truffle console
    

    You will see a prompt:

    truffle(development)>
    

    We'll run all of our commands from here.

  8. Compile the contract:

    compile
    

    You should see the following output:

    Compiling .\contracts\Fibonacci.sol...
    Compiling .\contracts\Migrations.sol...
    Writing artifacts to .\build\contracts
    

    Note: Make sure to examine the output for any errors or warnings.

  9. Migrate the contract to our blockchain.

    migrate
    

    You will see output that looks like this, though the addresses and transaction IDs will be different:

    Using network 'development'.
    
    Running migration: 1_initial_migration.js
      Replacing Migrations...
      ... 0xd29465deee7a5d60aed89520807432ef8a2fbbb665611882277ec8ca6fc9c622
      Migrations: 0x5cc77b19b8e14e4d6074562bdbe1e13e1b793693
    Saving successful migration to network...
      ... 0xba700ad46880ab2a9bdd961e66c9313fc541f91c439243df6ab2b97920cf2c4a
    Saving artifacts...
    Running migration: 2_deploy_contracts.js
      Replacing Fibonacci...
      ... 0xed0d1b736e948d926ee31f959b013f67d71e08f294a87e86e41ccbd8a62ce908
      Fibonacci: 0xa3f4063ffbdc5cfd8ecbd99424378a5f056eb81d
    Saving successful migration to network...
      ... 0xcaeb44f5e28689c29cb3189c7b42fa1094021b4e5008f720fef2f9b867e6be23
    Saving artifacts...
    

 Interacting with the basic smart contract

Our contract is now on the blockchain. Ganache has automatically mined the transactions that came from the contract call and creation, as you can see by clicking the "Transactions" button in Ganache:

Ganache transactions

Ganache transactions

Now it's time to interact with the contract. First we'll check to make sure that it's working correctly.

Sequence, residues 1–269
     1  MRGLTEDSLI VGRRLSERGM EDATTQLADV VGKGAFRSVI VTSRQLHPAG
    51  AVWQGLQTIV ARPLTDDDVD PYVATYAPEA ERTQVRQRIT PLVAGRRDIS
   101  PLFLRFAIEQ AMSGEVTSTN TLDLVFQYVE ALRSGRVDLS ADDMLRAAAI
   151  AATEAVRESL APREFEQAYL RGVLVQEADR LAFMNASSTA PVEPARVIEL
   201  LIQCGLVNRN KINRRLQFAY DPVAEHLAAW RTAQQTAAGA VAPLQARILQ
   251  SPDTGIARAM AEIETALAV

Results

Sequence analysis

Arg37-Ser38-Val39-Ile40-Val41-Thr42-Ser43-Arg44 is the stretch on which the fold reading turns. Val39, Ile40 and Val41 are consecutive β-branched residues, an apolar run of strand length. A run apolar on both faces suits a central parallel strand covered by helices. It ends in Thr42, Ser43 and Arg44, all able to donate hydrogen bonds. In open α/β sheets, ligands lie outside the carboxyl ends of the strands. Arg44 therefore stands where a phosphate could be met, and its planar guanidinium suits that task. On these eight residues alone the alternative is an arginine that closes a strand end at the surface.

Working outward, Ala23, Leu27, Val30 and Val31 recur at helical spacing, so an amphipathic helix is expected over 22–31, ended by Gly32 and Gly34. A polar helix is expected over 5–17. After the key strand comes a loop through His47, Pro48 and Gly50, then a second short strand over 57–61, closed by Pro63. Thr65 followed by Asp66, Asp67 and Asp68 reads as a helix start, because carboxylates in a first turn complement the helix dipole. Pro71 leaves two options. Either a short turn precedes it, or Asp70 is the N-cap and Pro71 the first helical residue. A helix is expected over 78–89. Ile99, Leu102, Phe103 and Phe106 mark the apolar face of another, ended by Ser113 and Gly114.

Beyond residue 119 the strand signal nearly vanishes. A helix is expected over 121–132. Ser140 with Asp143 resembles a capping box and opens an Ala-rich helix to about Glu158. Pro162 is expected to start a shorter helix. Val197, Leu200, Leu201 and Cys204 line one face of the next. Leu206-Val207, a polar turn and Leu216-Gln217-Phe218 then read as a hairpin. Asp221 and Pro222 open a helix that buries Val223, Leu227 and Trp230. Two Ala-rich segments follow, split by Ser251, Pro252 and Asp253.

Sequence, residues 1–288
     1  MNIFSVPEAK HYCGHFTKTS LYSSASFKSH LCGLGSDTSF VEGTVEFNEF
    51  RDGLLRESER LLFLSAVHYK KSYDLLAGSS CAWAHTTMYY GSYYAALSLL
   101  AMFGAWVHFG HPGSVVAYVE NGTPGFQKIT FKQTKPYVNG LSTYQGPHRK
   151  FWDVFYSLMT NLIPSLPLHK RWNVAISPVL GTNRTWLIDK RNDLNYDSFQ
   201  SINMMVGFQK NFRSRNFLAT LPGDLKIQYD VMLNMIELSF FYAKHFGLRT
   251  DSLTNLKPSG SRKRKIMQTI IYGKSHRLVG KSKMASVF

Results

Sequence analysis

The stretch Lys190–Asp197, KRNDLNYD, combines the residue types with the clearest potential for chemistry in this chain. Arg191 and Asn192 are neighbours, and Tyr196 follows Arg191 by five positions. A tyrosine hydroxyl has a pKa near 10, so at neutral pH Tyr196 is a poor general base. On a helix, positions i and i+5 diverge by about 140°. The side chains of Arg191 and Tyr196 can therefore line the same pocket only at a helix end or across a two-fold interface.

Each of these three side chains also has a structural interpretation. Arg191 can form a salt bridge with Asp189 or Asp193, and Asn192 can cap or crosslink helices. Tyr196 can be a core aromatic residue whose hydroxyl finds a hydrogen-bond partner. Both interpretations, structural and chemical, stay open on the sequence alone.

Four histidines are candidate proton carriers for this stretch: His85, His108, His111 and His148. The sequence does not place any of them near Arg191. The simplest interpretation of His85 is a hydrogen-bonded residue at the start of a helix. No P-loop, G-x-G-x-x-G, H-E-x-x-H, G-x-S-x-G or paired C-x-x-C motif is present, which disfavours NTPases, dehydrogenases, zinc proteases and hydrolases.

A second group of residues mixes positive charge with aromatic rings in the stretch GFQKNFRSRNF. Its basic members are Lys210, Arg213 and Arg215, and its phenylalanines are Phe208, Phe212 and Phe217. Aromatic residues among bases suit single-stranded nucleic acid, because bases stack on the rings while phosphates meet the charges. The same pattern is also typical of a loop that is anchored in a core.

1. In the Truffle console, enter the following command:

    Fibonacci.deployed().then(function(instance){return instance.generateFib(10);});
    

    Before we run the command, let's take a look at it in greater detail. Displayed in a more easily-readable manner, it reads:

    Fibonacci.deployed().then(function(instance) {
      return instance.generateFib(10);
    });
    

    This command uses JavaScript promises. Specifically, the command says that given a deployed version of the Fibonacci contract, run an instance of that contract, and then run the generateFib function from that contract, passing it the argument 10.

  2. Run the above command. A transaction will be created on the blockchain because our array that holds the generated Fibonacci sequence is in storage. Because of this, the output of the console will be the transaction details, which will look similar to this:

    { tx: '0xf47f01da1a6991f4dc168928cf4c490cb9bb57ca403b428f40a333ea65d1c41c',
      receipt:
       { transactionHash: '0xf47f01da1a6991f4dc168928cf4c490cb9bb57ca403b428f40a333ea65d1c41c',
         transactionIndex: 0,
         blockHash: '0x88d45cb84d1f26001b0e7ae2931a56dfc0a592a1d0437fe0a37540d65f49a2ed',
         blockNumber: 5,
         gasUsed: 298373,
         cumulativeGasUsed: 298373,
         contractAddress: null,
         logs: [],
         status: '0x01',
         logsBloom: '0x00000000000000000000000000000000000000000000000000000000000000000000000000000000000000000000000000000000000000000000000000000000000000000000000000000000000000000000000000000000000000000000000000000000000000000000000000000000000000000000000000000000000000000000000000000000000000000000000000000000000000000000000000000000000000000000000000000000000000000000000000000000000000000000000000000000000000000000000000000000000000000000000000000000000000000000000000000000000000000000000000000000000000000000000000000000' },
      logs: [] }
    

    The important part of this output for us is the transaction ID (listed as the value of tx:). Because even though we've run our function, we don't actually know what happened. Did it work correctly? Did something unexpected happen? We'll need the Truffle Solidity debugger to find out.

    Note: Your transaction ID will be different from the above.

 Debugging a transaction

You can debug a transaction in the Truffle console by typing debug <transactionID>. We'll now do just that.

  1. Type debug and then the value of tx: found in your transaction details. For example:

    debug 0xf47f01da1a6991f4dc168928cf4c490cb9bb57ca403b428f40a333ea65d1c41c
    

    Note: Your transaction ID will be different. Do not copy the above example exactly.

    This will enter the debugger. You will see the following output: